Kara Brunk, MSW student, shares about her research as presented at the 33rd Annual Oklahoma Council on Family Relations Conference.
Research has found that people with higher levels of hope are able to identify and engage in multiple avenues toward their goals. Moreover, life satisfaction is considered the cognitive component of what we colloquially call “happiness”. Consequently, higher hope is associated with greater instances of positive outcomes (Avey, Wernsung, & Mhatre, 2011). For example, those with higher hope experience greater subjective well-being and life satisfaction (Baily, Eng, Fisch, & Snyder, 2007; Chang & DeSimone, 2001), feel more self-worth (Curry, Snyder, Cook, Ruby & Rehm, 1997), find life more meaningful (Feldman & Snyder, 2005), and have fewer negative thoughts, less depression, and less anxiety (Snyder et. al., 1991; Chang & DeSimone, 2001). Despite extensive research on hope, however, very little has been done with samples drawn from victims of intimate partner violence (IPV). Therefore, we sought to test the impact of a stay at a shelter, for a minimum of 2 weeks, on hope and life satisfaction. All participants received holistic support from the shelter. We used a pretest/posttest design, measuring the outcome before and after shelter intervention. Our results indicate that a stay in an emergency IPV shelter increases hope and life-satisfaction. This increase suggests that incorporating interventions influenced by hope theory may further improve psychological outcomes for IPV victims.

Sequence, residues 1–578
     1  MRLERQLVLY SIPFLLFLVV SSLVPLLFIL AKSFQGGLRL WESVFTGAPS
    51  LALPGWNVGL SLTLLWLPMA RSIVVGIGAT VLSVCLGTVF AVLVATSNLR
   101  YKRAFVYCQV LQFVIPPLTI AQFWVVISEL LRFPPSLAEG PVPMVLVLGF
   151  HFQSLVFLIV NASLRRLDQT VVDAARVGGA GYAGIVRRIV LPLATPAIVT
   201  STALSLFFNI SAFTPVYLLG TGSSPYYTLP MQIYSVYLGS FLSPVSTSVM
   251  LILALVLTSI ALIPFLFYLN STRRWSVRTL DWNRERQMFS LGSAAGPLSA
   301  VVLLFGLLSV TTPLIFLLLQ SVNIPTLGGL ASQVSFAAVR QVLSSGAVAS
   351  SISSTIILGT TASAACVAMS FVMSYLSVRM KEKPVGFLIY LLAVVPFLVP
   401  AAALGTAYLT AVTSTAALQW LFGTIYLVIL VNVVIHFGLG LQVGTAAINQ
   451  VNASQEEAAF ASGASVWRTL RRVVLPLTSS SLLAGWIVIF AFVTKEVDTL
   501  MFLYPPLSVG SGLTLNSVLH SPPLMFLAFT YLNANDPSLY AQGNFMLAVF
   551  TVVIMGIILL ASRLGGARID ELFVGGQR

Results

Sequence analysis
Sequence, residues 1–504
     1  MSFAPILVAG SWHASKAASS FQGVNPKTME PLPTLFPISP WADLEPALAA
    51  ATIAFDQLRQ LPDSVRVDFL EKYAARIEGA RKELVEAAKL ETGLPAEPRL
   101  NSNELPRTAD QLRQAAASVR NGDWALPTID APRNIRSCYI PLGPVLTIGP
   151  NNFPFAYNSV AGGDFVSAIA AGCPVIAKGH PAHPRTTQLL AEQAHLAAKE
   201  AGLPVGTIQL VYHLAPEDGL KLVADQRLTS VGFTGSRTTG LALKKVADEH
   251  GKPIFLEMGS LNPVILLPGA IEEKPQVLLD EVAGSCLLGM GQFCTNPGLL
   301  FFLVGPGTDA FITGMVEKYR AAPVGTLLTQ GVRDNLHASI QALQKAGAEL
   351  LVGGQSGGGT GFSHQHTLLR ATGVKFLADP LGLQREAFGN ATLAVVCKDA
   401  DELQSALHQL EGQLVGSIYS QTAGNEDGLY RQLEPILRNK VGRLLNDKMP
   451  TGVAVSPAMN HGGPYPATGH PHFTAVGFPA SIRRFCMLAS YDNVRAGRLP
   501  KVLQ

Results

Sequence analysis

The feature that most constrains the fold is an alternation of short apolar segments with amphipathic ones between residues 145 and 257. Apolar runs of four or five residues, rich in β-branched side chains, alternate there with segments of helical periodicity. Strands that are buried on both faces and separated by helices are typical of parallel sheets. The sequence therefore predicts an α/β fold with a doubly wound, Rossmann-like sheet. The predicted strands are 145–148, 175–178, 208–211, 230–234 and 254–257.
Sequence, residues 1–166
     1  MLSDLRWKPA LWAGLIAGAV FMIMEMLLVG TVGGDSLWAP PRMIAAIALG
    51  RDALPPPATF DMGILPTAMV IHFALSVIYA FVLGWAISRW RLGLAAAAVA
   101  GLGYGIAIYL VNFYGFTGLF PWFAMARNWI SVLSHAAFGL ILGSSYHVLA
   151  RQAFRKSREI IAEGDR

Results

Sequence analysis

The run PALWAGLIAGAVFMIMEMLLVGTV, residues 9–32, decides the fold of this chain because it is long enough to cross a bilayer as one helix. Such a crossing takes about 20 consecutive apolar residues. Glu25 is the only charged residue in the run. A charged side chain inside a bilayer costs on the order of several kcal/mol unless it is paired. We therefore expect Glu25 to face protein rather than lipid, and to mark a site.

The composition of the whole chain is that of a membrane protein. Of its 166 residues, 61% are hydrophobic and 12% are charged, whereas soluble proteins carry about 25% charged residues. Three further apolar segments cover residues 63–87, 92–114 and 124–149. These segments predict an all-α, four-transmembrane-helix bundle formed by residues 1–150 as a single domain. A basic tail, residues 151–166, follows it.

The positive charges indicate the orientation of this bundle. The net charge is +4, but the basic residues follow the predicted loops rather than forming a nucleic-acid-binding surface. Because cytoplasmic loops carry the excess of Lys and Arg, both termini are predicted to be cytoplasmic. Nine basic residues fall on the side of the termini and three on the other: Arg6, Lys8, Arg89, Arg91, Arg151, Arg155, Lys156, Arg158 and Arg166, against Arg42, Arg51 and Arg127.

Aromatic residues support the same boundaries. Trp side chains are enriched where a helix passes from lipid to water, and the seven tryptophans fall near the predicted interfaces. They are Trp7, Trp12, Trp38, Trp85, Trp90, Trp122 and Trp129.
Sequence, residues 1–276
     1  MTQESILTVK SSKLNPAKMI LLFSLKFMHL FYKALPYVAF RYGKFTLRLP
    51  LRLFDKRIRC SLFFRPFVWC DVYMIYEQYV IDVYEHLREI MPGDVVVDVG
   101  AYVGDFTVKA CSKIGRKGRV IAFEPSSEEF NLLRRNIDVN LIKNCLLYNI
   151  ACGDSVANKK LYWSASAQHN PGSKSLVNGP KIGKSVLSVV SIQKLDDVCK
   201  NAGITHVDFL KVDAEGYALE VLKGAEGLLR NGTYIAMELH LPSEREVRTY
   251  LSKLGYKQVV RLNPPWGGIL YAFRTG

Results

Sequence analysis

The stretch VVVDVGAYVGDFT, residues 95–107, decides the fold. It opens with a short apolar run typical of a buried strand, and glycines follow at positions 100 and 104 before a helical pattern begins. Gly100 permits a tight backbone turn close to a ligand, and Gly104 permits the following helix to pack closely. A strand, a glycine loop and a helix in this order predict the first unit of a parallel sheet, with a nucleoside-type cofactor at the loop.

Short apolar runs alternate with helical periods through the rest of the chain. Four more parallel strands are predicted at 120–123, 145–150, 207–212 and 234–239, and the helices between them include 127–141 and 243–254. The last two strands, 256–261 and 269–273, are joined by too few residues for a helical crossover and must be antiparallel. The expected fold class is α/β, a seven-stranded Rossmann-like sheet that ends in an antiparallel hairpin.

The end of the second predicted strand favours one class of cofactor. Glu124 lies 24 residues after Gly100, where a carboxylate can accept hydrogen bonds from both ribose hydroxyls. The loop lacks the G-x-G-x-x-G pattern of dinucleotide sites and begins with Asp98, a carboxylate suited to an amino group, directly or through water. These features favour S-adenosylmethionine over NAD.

Posted on Tue, June 3, 2014
by Amy Arnold